a disturbing shade of green

Apple, ah Apple.  Has there ever been a greater idea than power connectors that hold themselves in place with a magnet?

Well – yes, so letʼs narrow it down – has there ever been a greater idea for power connectors (for semiportable appliances) than ones which hold themselves in place with magnets?  I wonʼt actually limit this to MagSafe because MagSafe is not the original nor the only implementation of the idea.  I will say that on the whole I am greatly appreciative of Appleʼs MagSafe connectors, which are generally safer than those which could more easily pull a laptop off a surface (has happened to me) or which might be a worse trip hazard by remaining in place (have watched it happen to others).  This applies to older Apple connectors and to other brands, to other devices than computers, and to non-power connectors on computers generally.  (And especially Appleʼs locking LocalTalk connectors, for those old enough to remember them.)


frayed sheath at MagSafe tip

Aside from issues around the actual connector – what is it about MagSafe and Apple laptop cables?  Why do they keep coming apart?  What are these weird sheaths which keep creating problems?

As I write I am taking time out from working out what to do about the latest problem with my MacBook Pro power supply.  To sum up: a few days ago the sheath started wrinkling next to the MagSafe tip.  At some point last night it frayed catastrophically; perhaps instantaneously.

Now I get a chance to look at it, I see the interior of the cable is disturbingly green.  Packed with verdigris, which indicates some movement of copper somewhere out of the actual cable.  But where does the grease come from?

Thereʼs an outside chance that the copper has moved up from the cable end as an outcome of my resoldering efforts last year.  This is the second and fourth MagSafe power supply Iʼve had for this MacBook.  The distinguishing feature is perhaps that itʼs spent more time “on” than previous ones, as the battery no longer holds power too well, so I leave it in place much of the time.  Is it just hotter?

The first PSU had a problem at the other end – the sheath shrank over time and got pulled away from the adaptor, exposing the shielding underneath and allowing it to fray, after about six months.  Seemingly the sheath wasnʼt clamped inside the PSU case.  The second one (supplied under warranty when Iʼd had enough of the first after about two and a half years) had a tactilely different type of sheath.  It appears to have the opposite problem – it expands with time.  The first symptom of which is that it pushed the actual MagSafe tip off the cable after about six months, with about a dayʼs warning in dodgy power status indication.  I had a third – a cheap knock-off as springing for the Apple-made one (now past the original warranty) wasnʼt an option.  It lasted about six months before the tip fell off too.  (So itʼs not just Apple.)  Then back to the second; I fixed it myself (in the process, removing about an extra inch of expanded sheath), and the fix has lasted longer than the original.  Latterly it has been yellowing – probably Boron flame-retardant surfacing as with old ABS cases.  Now this.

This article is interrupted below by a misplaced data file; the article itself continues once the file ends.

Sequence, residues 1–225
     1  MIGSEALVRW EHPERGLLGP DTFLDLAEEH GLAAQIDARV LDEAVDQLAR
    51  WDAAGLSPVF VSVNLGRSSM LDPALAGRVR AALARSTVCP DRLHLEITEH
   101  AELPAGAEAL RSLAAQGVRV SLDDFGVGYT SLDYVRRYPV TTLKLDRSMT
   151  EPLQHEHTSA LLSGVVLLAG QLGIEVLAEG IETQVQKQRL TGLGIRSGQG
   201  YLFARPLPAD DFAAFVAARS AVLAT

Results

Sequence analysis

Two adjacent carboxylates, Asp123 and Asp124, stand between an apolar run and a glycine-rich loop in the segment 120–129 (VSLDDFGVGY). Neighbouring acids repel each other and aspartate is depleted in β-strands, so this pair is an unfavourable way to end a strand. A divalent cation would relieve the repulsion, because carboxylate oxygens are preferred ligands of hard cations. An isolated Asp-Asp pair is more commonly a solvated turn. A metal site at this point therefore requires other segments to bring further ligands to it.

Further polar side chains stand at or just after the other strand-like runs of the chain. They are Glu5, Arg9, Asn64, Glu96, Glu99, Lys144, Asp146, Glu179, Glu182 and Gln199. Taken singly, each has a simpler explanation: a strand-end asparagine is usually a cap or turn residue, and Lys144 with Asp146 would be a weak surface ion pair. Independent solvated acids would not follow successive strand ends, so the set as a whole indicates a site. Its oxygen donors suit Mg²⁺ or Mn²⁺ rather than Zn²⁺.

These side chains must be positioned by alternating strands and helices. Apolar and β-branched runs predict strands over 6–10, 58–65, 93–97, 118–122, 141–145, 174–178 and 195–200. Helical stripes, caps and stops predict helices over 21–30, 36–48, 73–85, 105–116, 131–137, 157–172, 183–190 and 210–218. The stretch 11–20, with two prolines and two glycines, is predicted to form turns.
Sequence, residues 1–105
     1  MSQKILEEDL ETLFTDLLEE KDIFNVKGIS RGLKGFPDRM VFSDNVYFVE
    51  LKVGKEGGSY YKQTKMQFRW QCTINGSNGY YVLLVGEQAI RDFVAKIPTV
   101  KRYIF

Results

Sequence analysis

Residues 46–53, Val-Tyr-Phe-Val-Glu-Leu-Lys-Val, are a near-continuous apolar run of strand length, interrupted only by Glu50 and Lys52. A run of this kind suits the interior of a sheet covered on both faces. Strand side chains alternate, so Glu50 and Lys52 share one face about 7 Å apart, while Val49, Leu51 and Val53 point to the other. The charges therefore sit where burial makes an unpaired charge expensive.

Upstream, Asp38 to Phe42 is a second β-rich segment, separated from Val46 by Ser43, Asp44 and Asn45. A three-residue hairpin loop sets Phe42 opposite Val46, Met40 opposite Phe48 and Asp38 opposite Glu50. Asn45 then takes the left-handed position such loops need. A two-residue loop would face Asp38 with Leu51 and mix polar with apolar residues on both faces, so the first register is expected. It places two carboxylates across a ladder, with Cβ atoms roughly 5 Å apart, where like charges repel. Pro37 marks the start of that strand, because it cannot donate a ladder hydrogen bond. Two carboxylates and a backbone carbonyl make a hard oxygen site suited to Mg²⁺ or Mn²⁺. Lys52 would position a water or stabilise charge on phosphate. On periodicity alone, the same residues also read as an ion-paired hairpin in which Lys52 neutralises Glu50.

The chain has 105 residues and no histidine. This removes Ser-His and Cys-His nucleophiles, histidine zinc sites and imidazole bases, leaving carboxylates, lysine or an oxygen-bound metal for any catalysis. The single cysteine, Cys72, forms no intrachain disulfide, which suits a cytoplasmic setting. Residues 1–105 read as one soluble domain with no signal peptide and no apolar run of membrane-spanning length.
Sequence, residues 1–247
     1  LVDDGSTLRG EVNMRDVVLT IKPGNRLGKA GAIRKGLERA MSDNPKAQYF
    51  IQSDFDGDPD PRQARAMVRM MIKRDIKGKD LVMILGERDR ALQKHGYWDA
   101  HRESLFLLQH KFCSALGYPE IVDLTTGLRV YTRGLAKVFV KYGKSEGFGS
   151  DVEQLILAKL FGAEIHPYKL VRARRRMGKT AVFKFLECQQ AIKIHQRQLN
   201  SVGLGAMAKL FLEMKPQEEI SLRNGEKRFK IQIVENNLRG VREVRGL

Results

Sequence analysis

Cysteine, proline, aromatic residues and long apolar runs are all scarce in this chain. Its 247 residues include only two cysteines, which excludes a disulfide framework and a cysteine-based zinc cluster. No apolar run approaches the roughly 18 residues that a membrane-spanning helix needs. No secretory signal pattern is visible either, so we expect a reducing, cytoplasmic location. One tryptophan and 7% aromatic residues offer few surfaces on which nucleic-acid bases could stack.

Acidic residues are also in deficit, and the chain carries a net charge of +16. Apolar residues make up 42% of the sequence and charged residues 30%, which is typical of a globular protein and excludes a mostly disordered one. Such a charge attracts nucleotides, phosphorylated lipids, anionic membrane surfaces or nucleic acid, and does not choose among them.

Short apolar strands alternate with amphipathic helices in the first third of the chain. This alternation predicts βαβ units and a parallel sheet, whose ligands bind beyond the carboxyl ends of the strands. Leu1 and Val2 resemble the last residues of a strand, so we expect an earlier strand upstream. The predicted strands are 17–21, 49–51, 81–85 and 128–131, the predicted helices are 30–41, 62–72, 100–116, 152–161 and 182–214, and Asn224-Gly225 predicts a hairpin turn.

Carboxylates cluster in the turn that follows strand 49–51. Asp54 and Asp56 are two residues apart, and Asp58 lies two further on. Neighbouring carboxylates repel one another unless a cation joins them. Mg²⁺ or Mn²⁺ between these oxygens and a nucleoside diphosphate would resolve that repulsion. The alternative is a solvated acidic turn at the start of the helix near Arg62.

frayed sheath at MagSafe tip

And grease?  The question remains.  Even before its initial failure, the cable sheath, which unlike the original PSUʼs sheath felt as if it was well adhered to the cables below, seemed to have begun to separate towards the connector end, presumably with expansion.  When it finally fell off, a crease of sheath was visible.  Could it be that under the influence of heat (voltage drop will do that) something greaselike was being exuded between the outer and inner sheaths?  Weird.  Perhaps not impossible.  Plastics often contain softeners; plastics for flexible applications more so.

I dare say Iʼll need to fix it again, though as it still seems electrically sound Iʼm thinking heat-shrink sheath rather than resoldering.

But Apple, oh Apple.  In 1993 I got a PowerBook 145b.  As a computer it was something of a waste of time when compared to contemporary desktops, and I went back to paper for the intended purpose of minute-taking.  The battery lasted longer than the MacBook Pro batteries, but is no longer usable by itself.  But.  The PSU that came with it still works perfectly well.  Plug it in and all is good.  The connector was not a MagSafe, and it represents a slight trip hazard (though to be honest the PB145b is too heavy for the connector to easily pull off a table before slipping out).  The PSU didn't have the cable-winding hooks which are the major advantage of latter Apple power adapters.  But the cable was always comfortable to hold, and the sheath never went anywhere.  Nearly twenty years later it is as good as new.

frayed sheath at MagSafe tip

What has changed since?  A lot, I know.  But could it be that the product development people under the reviled Scully and Amelio were just allowed to do their jobs that bit more?  As in, making things that were practical rather than chasing experimental diminishing returns?  Perhaps?  Whereas the opposite may have been true of the software people.  Well, itʼs a weak argument, because the whole laptop at the time was only vaguely usable – but wouldnʼt it be nice if the balance at a given manufacturer was such that things worked and kept working, and were designed to deal with failure?

Or as Iʼve said before in other contexts, could we please have a MagSafe cable that plugs into the transformer end as well as into the Mac, so that the inexpensive friable cable can be replaced annually (if need be) without having to shell out for an expensive but otherwise durable PSU?

Either that or my next fix will be to wire my 19-year-old PSU into my four-year old laptop.  Somehow.

Update:  This article has been updated with photographs at 2013-12-08.  A new post on the issue will follow soon.

Update:  The article updating this one is here.